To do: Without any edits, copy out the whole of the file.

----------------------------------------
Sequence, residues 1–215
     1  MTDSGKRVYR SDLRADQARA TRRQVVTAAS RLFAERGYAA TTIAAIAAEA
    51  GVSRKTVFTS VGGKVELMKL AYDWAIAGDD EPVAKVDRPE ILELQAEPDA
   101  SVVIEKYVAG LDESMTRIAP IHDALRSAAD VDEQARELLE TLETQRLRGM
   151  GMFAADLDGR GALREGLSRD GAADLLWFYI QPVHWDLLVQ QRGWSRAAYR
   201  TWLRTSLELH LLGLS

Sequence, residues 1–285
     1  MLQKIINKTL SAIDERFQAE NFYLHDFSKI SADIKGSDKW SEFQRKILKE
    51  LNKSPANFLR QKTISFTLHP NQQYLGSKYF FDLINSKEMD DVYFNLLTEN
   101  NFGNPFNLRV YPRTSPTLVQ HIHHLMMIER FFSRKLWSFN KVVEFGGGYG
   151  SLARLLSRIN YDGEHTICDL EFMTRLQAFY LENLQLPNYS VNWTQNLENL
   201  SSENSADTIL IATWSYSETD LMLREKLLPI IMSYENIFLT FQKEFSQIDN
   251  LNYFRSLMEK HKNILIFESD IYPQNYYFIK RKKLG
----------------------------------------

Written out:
Sequence, residues 1–215
     1  MTDSGKRVYR SDLRADQARA TRRQVVTAAS RLFAERGYAA TTIAAIAAEA
    51  GVSRKTVFTS VGGKVELMKL AYDWAIAGDD EPVAKVDRPE ILELQAEPDA
   101  SVVIEKYVAG LDESMTRIAP IHDALRSAAD VDEQARELLE TLETQRLRGM
   151  GMFAADLDGR GALREGLSRD GAADLLWFYI QPVHWDLLVQ QRGWSRAAYR
   201  TWLRTSLELH LLGLS

Sequence, residues 1–285
     1  MLQKIINKTL SAIDERFQAE NFYLHDFSKI SADIKGSDKW SEFQRKILKE
    51  LNKSPANFLR QKTISFTLHP NQQYLGSKYF FDLINSKEMD DVYFNLLTEN
   101  NFGNPFNLRV YPRTSPTLVQ HIHHLMMIER FFSRKLWSFN KVVEFGGGYG
   151  SLARLLSRIN YDGEHTICDL EFMTRLQAFY LENLQLPNYS VNWTQNLENL
   201  SSENSADTIL IATWSYSETD LMLREKLLPI IMSYENIFLT FQKEFSQIDN
   251  LNYFRSLMEK HKNILIFESD IYPQNYYFIK RKKLG